| Karat with the CPI’s D. Raja and other Left leaders during the protest against the naval exercises on Wednesday. (PTI)
Chennai, Sept. 5: In a red-bordered dhoti instead of his usual trousers, Prakash Karat had made sure he was dressed right to lead a jatha against America.
“We take a pledge that we will launch a struggle against India being made an ally of US imperialism,” the CPM general secretary thundered, in English.
The large crowd of Left supporters, gathered for the flag-off of the jatha against the Bay of Bengal war games of which the US is a part, broke into applause — after the speech had been translated into Tamil by Karat’s CPM colleagues.
A little while later, a tempo plastered with banners denouncing “Uncle Sam” rolled out on its way to Visakhapatnam.
The choice of venue for the flag-off could not have been better — Madras Harbour, where a statue of freedom fighter V.. Chidambaram Pillai stands. Pillai had started the first indigenous shipping service, the Swadeshi Steam Navigation Company, in 1906 to break British monopoly in coastal trade with what was then Ceylon.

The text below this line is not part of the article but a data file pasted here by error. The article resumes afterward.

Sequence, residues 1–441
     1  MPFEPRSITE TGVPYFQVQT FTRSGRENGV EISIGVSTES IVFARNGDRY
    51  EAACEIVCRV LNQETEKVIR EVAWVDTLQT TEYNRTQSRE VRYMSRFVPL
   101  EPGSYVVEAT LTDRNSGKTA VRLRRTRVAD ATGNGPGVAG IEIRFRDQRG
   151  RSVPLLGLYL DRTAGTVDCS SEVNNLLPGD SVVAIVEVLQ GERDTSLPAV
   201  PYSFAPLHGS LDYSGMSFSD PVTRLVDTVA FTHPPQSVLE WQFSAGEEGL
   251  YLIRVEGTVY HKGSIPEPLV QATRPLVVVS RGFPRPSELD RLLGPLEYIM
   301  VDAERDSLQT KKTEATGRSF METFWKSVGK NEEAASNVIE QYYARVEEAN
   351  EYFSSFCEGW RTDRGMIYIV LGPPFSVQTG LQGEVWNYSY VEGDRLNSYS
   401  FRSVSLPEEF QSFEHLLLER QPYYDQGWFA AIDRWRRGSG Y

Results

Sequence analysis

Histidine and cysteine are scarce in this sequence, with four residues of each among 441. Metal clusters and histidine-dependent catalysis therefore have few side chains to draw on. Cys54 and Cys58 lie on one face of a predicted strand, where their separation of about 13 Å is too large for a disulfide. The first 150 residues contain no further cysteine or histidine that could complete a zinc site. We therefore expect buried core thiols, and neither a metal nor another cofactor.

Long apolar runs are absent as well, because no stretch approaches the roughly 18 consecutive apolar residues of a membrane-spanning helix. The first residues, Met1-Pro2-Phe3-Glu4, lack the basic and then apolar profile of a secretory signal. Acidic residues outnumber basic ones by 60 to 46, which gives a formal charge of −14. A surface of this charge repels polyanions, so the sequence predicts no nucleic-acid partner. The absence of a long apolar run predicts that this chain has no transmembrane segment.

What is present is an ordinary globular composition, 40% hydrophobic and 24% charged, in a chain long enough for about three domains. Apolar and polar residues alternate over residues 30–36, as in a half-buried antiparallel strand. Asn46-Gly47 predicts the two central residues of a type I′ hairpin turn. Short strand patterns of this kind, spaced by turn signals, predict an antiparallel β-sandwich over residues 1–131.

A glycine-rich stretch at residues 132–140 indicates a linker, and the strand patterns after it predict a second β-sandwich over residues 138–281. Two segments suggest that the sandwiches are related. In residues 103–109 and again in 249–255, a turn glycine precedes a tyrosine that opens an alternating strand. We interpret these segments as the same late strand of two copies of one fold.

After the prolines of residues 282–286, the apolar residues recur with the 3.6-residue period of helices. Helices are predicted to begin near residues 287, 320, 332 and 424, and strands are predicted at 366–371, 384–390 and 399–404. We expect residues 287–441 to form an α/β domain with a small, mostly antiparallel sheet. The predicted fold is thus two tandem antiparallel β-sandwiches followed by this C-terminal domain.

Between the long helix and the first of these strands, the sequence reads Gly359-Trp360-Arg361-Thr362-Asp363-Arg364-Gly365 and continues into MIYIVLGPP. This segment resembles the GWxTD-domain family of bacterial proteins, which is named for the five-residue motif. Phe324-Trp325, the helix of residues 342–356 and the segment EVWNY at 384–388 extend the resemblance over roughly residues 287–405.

Karat pointed at the “irony”: Pillai had started the first swadeshi shipping company and suffered terrible ordeals and imprisonment “to break the monopoly of British imperialism”, he said, still speaking in English. “Today our rulers are inviting these imperialists to bring their ships here.”
The timing was the masterstroke — since the jatha flag-off coincided with the 136th birth anniversary of the nationalist leader, many DMK ministers were at Madras Harbour in the morning, triggering speculation whether they were at the site to cheer the Left protest against the nuclear deal and the war games.
It was later clarified that the ministers had trooped to Madras Harbour for a government function to mark Pillai’s birth anniversary. Only after they had left did Karat arrive, accompanied by state CPM secretary N. Varadarajan, and was joined by CPI national secretary D. Raja.
Two Left jathas — the other from Calcutta — will converge on the headquarters of the Eastern Naval Command in Visakhapatnam to protest against the war games.
Joined by hundreds of vehicles on which the CPM flag fluttered, Karat’s tempo made its way through crowded north Chennai before hitting the national highway. The convoy stopped at several places — such as Red Hills and Gummidipoondi on the border with Andhra Pradesh — where the CPM had organised small reception committees.
At every stop, Karat addressed brief meetings. The Americans have brought the Seventh Fleet, he said, which 36 years ago they had sent to India “to threaten our country when the liberation struggle of Bangladesh was taking place”.
“It is now a matter of shame that the Indian Navy is being asked to conduct joint exercises with this Seventh Fleet,” he added.
The CPM general secretary also attacked the government for “deciding to conclude” the nuclear agreement with the US and accused it of pursuing economic policies which were “in the interests of America”.